Wed, 08/14/2013 - 17:17 — M. Penny
Summer is the peak season for heartworm. If you don't treat your dog or cat for heartworm every month as recommended, please at least do so this month and next month.
The Western Tree Hole Mosquito is an incredibly common pest mosquito and the most important carrier of heartworm. Three months after the peak season for Tree Hole Mosquitos is the peak season for spreading heartworm. In other words, that's now.
The risk increases in locations along creeks or near open space where coyotes roam. But even indoor pets are at risk. Why? Bay Area coyotes are highly infected with heartworm and serve as a reservoir host. The mature mosquito picks up heartworm from the coyote, and then seeks the indoors where it is easier for it to fly.
It's also easy for humans to forget prevention, mostly because they don't realize what's at stake. Heartworm is a parasitic roundworm that can infect your animal through the pulmonary artery that supplies the lungs, and the right side of the heart, congesting the area, slowing blood flow and compromising your animal’s health.
Typically, they will not show any symptoms of an early heartworm infection. If your dog develops an advanced case of heartworm, you may begin to see them coughing and suffering from exercise exhaustion, weight loss, fainting, coughing up blood, and, in the worst cases, congestive heart failure. If your cat develops heartworm, the symptoms are primarily respiratory in nature, coughing mostly. If your animal presents any of these symptoms, call us for an appointment immediately. Remember, we're now open until 11pm on weekdays.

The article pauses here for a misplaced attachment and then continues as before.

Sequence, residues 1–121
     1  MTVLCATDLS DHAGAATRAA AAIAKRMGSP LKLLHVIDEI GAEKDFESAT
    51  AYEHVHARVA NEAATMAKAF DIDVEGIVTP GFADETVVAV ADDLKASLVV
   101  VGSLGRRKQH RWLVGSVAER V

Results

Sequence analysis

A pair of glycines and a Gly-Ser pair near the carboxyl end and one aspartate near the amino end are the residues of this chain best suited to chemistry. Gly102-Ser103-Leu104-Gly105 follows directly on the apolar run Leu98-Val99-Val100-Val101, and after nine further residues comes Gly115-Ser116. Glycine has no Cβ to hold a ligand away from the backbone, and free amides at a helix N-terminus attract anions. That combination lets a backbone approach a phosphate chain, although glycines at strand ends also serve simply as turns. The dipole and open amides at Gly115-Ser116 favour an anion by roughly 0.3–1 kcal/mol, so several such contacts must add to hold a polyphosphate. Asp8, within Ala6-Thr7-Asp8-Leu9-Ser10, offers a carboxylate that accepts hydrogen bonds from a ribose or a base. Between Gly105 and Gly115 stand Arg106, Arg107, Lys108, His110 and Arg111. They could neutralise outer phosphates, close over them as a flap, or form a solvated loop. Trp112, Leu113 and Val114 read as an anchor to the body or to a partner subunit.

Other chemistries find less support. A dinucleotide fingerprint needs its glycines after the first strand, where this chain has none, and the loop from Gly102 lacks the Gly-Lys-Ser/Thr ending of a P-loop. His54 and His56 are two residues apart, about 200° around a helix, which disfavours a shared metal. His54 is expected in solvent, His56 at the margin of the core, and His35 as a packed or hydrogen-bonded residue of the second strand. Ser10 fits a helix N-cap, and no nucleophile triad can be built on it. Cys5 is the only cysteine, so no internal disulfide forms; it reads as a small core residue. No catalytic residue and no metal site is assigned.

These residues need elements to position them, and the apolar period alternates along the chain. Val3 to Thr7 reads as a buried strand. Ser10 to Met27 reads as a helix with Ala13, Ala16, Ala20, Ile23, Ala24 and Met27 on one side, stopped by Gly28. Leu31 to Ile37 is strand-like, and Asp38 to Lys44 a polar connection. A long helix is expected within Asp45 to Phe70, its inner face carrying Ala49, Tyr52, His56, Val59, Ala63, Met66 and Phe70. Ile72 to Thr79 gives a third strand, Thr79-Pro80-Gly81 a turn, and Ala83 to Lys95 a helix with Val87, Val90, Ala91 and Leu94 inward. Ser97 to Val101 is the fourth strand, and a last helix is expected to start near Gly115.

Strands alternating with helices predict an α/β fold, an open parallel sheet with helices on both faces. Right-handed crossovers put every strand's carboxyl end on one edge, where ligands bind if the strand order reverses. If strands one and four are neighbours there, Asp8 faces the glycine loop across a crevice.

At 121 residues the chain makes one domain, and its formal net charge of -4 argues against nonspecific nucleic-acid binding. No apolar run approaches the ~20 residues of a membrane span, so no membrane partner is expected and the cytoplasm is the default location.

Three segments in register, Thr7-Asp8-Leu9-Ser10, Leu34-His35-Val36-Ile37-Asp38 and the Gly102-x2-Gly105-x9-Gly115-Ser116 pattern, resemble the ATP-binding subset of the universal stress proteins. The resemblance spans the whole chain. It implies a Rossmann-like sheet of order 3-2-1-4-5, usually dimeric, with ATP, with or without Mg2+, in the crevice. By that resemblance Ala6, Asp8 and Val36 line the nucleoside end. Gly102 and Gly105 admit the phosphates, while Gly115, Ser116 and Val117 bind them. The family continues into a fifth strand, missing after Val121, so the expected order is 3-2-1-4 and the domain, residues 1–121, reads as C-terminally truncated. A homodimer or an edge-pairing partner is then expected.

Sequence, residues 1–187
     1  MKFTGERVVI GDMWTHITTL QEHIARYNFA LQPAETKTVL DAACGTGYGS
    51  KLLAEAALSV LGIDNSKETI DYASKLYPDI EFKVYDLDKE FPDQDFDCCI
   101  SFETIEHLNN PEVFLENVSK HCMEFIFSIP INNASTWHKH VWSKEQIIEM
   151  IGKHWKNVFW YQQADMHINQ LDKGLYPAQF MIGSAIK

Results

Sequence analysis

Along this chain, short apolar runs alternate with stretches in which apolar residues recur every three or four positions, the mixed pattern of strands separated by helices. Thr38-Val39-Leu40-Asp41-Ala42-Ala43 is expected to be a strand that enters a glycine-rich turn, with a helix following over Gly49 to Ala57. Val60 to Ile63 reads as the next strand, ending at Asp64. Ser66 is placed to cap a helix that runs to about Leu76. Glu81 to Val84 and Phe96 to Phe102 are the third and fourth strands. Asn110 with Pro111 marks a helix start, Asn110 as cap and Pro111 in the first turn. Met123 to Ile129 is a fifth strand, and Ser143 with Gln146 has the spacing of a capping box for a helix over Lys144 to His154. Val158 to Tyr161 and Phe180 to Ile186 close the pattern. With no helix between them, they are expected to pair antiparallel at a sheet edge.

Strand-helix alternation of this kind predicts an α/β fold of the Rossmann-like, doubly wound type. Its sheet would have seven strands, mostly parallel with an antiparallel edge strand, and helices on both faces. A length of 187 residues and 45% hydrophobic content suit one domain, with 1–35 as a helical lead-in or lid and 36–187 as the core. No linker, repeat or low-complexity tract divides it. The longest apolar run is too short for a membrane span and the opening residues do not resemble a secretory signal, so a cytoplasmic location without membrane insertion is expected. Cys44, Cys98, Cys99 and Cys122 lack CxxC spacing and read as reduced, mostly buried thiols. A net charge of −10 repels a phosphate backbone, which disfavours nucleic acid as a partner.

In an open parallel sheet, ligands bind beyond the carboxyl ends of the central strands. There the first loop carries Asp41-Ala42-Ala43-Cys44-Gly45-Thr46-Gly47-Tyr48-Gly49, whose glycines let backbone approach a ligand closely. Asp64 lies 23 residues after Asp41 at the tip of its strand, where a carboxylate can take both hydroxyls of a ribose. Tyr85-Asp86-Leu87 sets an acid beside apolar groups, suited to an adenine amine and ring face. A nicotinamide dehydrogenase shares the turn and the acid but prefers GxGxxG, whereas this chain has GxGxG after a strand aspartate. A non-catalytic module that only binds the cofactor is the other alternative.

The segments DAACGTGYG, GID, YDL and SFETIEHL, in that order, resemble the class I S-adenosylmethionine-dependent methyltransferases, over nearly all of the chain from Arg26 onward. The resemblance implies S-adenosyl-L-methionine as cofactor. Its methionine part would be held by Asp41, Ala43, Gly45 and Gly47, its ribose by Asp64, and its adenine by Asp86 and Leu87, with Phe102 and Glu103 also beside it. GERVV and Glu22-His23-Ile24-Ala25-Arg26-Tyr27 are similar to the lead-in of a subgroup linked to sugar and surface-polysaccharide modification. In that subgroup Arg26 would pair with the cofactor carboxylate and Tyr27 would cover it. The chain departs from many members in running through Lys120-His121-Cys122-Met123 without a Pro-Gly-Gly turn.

The good news is that there is a treatment for canine heartworm. The bad news is that treatment is no guarantee—particularly with heartworm disease advanced enough to cause symptoms. The other bad news is there is no treatment available for feline heartworm. Therefore, the best and most affordable approach you can take to heartworm is preventing it altogether. We recommend a monthly year-round treatment purchased directly through your veterinarian.
We all get busy and forget the routine things sometimes. If this means you, or if doing it each month isn’t currently feasible, we recommend that you at least do it during heartworm’s highest risk months of the year (which is now). You may be reading this just in time to protect your beloved canine from a terrible infection.